If they lose, they will lose very little, but if they win, they stand to win big. A perfect example of an asymmetric bet.

But can’t the Bank of England stop accepting offers to sell pounds preventing its currency from falling and preventing George and Stanley from pocketing billions?

And this is why the naming of the snake is so apt:

The ERM required the Bank of England to accept any offers to sell pounds. So when trading began, sell orders came in like an avalanche.

Chancellor Norman Lamont and Robin Leigh-Pemberton, governor of the Bank of England, smashed the buy button to prevent the collapse. 

They began by buying 300 million pounds twice before 8:30 am but to little effect.

Around 10:30 am on September 16th, two hours later, the British government made a fatal mistake. They announced an increase in the base interest rate from 10% to 12% to tempt speculators to buy pounds, and cost the short sellers money.

Their thought process was that the increased interest rates would hurt short sellers borrowing the currency and cause interest from others to reach for higher yields.

As selling continued, they increased base rates from 12 to 15% to curb the selling, but it only fueled the fire.

Their move backfired.

It was clearly seen by the markets for what it was: an act of desperation.

After all, when your economy is in recession, you reduce rates to spur growth – you don’t invite a depression by increasing your rates by 50%.

Traders smelled blood, dumping pounds as fast as they could; but this time, spooked businesses liquidating, too.

By 7:00 pm that evening, Lamont announced Britain would leave the ERM and rates would remain at the new level of 12%; however, on the next day, interest rates were 10%.

What a day.

This September 16th, 1992, is forever known as Black Wednesday.

The currency eventually devalued by around 20%, making short sellers a fortune. Especially for George and Stanley, who had the foresight to see the inevitable and bet big.

And by big, I mean ten billion dollars big on equity of seven billion dollars.

In other words, for every dollar in equity, they borrowed 43c to make a  $1.43 position. Now that’s going for the jugular.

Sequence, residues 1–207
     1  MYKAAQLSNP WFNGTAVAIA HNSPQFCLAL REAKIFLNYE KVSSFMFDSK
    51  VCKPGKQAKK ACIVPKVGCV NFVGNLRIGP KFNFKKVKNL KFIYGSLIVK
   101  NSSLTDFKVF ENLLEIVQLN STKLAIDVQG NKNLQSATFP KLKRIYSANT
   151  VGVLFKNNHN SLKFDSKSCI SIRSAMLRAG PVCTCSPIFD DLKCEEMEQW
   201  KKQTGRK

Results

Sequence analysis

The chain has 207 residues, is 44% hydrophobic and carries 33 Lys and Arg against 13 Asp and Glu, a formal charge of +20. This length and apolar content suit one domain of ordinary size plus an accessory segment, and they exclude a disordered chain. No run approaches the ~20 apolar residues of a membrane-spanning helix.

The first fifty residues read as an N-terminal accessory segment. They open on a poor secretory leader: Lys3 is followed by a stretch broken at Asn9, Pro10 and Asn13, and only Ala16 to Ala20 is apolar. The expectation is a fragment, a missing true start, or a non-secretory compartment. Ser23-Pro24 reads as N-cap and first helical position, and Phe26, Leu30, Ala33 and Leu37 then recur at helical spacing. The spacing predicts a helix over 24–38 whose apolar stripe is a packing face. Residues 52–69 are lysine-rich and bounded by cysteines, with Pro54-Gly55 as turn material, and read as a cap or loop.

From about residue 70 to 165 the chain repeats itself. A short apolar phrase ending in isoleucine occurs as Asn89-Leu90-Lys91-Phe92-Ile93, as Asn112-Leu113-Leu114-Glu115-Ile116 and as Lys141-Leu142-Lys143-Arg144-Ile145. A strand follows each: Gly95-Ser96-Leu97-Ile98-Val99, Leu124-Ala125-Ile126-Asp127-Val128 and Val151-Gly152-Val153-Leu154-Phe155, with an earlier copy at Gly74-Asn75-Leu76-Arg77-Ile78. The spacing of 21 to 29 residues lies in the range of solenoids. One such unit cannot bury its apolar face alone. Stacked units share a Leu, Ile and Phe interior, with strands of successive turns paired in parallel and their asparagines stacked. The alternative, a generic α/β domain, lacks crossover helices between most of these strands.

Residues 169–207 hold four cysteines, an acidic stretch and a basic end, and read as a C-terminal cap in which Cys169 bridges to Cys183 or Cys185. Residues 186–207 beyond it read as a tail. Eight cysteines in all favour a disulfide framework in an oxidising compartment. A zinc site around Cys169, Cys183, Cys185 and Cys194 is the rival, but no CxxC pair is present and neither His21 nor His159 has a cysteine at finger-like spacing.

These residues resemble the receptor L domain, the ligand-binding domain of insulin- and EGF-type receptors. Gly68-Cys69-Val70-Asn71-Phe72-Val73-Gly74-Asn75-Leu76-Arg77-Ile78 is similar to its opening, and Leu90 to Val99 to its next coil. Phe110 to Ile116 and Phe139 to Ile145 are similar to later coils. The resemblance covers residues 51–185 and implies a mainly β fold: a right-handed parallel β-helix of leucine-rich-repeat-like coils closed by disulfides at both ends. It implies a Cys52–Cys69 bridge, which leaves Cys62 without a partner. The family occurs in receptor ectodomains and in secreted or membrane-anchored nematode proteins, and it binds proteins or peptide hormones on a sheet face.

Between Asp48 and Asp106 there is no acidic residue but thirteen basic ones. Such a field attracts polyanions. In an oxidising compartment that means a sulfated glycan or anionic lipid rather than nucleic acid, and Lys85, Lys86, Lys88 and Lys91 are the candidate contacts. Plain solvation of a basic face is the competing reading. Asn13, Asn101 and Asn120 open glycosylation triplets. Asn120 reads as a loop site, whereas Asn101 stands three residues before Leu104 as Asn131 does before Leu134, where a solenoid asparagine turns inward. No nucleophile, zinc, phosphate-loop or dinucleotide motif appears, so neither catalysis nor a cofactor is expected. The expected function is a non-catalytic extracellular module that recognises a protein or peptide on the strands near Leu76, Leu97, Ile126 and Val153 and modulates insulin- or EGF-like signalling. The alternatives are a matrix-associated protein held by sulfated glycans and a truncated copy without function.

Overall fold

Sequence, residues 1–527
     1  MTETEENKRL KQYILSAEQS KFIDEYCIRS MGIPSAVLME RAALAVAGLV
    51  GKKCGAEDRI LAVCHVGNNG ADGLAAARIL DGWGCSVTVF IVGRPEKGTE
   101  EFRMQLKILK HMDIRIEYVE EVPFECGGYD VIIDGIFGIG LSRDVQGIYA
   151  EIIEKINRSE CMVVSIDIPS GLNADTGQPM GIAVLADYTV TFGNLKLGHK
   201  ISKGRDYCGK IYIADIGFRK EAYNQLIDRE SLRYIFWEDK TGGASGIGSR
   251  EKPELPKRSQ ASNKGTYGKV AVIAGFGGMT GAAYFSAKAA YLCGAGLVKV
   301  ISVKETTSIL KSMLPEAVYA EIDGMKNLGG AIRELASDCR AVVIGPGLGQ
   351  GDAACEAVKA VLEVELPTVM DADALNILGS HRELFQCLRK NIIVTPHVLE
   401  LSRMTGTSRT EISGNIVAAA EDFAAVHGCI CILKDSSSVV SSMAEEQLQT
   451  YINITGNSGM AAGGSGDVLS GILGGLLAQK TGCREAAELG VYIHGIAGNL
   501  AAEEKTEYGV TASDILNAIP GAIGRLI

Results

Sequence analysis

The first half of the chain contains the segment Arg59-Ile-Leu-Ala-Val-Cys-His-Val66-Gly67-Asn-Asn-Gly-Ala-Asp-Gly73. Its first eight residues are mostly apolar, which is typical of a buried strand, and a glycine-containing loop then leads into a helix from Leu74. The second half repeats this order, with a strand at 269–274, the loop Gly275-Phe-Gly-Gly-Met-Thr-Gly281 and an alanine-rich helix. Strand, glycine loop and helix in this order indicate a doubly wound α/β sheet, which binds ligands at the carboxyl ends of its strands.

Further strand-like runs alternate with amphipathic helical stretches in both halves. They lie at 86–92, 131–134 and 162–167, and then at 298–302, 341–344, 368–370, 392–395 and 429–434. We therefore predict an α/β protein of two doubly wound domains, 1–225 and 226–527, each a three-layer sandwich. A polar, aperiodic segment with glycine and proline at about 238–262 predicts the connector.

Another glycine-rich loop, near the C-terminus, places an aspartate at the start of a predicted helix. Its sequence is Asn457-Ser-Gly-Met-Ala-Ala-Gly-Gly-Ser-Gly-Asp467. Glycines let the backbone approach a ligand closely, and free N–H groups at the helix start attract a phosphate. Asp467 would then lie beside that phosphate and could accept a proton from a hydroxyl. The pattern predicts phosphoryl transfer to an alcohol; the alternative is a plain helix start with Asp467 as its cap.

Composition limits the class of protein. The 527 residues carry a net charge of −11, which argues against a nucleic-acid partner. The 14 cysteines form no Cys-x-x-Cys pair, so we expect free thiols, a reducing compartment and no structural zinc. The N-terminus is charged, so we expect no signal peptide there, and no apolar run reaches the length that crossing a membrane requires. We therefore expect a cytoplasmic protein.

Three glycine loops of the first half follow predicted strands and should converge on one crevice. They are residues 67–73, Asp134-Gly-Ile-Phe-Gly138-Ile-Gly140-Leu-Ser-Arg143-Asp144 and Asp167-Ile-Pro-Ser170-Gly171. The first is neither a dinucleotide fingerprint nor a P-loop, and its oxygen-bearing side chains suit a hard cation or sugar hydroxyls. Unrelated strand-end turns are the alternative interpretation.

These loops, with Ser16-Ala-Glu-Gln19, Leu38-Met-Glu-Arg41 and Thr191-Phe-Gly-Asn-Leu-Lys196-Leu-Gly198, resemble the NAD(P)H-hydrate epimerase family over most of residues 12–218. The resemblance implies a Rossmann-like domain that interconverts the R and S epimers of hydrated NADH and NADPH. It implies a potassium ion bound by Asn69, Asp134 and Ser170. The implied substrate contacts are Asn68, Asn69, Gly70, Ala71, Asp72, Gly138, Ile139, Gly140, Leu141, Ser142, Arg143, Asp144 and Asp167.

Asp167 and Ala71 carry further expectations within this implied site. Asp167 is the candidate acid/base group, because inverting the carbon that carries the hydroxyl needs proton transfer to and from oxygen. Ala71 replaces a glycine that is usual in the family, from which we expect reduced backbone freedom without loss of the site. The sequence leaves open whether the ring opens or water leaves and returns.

Did George Really Break the Bank of England?

But was it really George and Stanely’s bite that defeated the Bank of England?

I’m not so sure.

The daily turnover in exchange markets in the early 1990s was typically over a trillion dollars per day. And while a ten billion dollar bet is a massive amount, a trillion is much more.

The truth is that Stanley and George saw the structural imbalance, and made a killing from it, but they didn’t break the bank.

The truth is that the Snake in the Tunnel bit off more than it could chew, and this indigestion wasn’t a matter of if, but when.

And another thing, it’s conventional wisdom that the devaluation caused a boom, making some call it White Wednesday since it was followed by years of increased growth; however, the economies of similar countries that didn’t devalue also experienced similar growth rates.

So, while conventional wisdom around this historic event is wrong, does it really matter?

What Can You Learn From This Trade to Make More Money in the Markets?

Look for structural imbalances, especially when they’re artificially created from political agendas. And when you have conviction, go for the jugular.

Druckenmiller states that this was the greatest lesson he ever learned from Soros:

What separates average investors from super investors is their ability to make big bets when they think they’re right. This is the greatest lesson I learned from George.

— Stanley Druckenmiller